Ottoman Hajj route rediscovering again with “The Sacred Journey” exhibition in London. The exhibition organized by Yunus Emre Institute in London, recreates the life of the Ottoman Hajj route through pictures, documents, maps and artefacts collected by Professor Petersen and his colleagues over years of archaeological work.
The Sacred Journey: Rediscovering the Ottoman Hajj Route Exhibition, will be available to visit between 18th November to 17th December 2021 at Yunus Emre Institute London in Bloomsbury. Accompanying this exhibition will be a 4-part lecture series taking place both online and offline, exploring different aspects of the pilgrimage.
Curated by Professor Andrew Petersen, the Director of Research in Islamic Archaeology at the University of Wales Trinity Saint David, the exhibition charts this spiritual journey through history and recreates the life of the Ottoman Hajj through pictures, documents, maps and artefacts collected by Professor Petersen and his colleagues over years of archaeological work.
The lecture series will cover topics including:
⦁ “Playing at the Sacred/Secular Boundary: the Hajj Mahmals of Cairo” with Professor Richard McGregor taking place online, Thursday 25th November 2021, 6:30 -7:30 pm.
⦁ “The Iron Camel and Its Tracks: The Hejaz Railway and its legacy” with Dr Mehmet Tütüncü taking place in-person, Thursday 2nd December, 6:30 -7:30 pm.
⦁ “Mecca in Bosnia: How Ottoman Bosnians imagined the Hajj’” with Dr Dženita Karić taking place in-person, Thursday 9th December, 6:30 -7:30 pm.
⦁ “The ‘Pilgrims’ Companion’: a late-sixteenth century guide to the hajj” with Yahya Nurgat taking place in-person, Thursday 16th December, 6:30 -7:30 pm.
The Hajj and exhibition
The Hajj is one of the five pillars of Islam central to Muslim belief and is a deeply personal journey. It is a pilgrimage to Mecca that every Muslim must make at least once in their lifetime if they are able. Taking place for centuries, this historic journey is one of transformation as well as a sacred duty.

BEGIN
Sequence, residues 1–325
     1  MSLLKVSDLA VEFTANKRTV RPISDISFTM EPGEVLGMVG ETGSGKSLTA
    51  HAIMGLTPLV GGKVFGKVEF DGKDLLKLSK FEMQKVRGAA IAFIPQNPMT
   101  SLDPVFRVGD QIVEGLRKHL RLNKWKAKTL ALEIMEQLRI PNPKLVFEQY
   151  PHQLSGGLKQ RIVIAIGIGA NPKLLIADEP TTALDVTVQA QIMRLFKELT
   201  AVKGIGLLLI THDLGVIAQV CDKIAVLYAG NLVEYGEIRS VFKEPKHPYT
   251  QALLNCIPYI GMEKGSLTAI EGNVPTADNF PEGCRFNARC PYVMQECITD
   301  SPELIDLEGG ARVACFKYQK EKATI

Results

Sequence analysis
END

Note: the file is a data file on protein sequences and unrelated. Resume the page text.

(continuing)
This pilgrimage evolved from an arduous journey that took months to a quicker and more comfortable journey with the development of modern means of travel. While no sultan undertook the journey, the Ottoman dynasty celebrated the Hajj’s importance over its six-century rule. Once the Empire gained control over Damascus, Egypt and Hijaz during the early part of the 16th century under Sultan Selim I, the pilgrimage was faced with a new opportunity for change. The new Hajj route started from the Balkans via Istanbul, Anatolia through Damascus, and Jerusalem. With Ottoman oversight, the route saw the development of vibrant public buildings, forts, mosques, water cisterns and Caravanserais which all fed into the dramatic social, cultural and economic change in the regions surrounding it.
The exhibition is free to visit throughout over the 4 weeks it will be taking place during Yunus Emre Institute in London’s opening hours, between 10am and 6pm. The talks must be booked separately on Eventbrite.
This exhibition is supported by University of Wales Trinity St David, London Central Mosque and Turkish Airlines.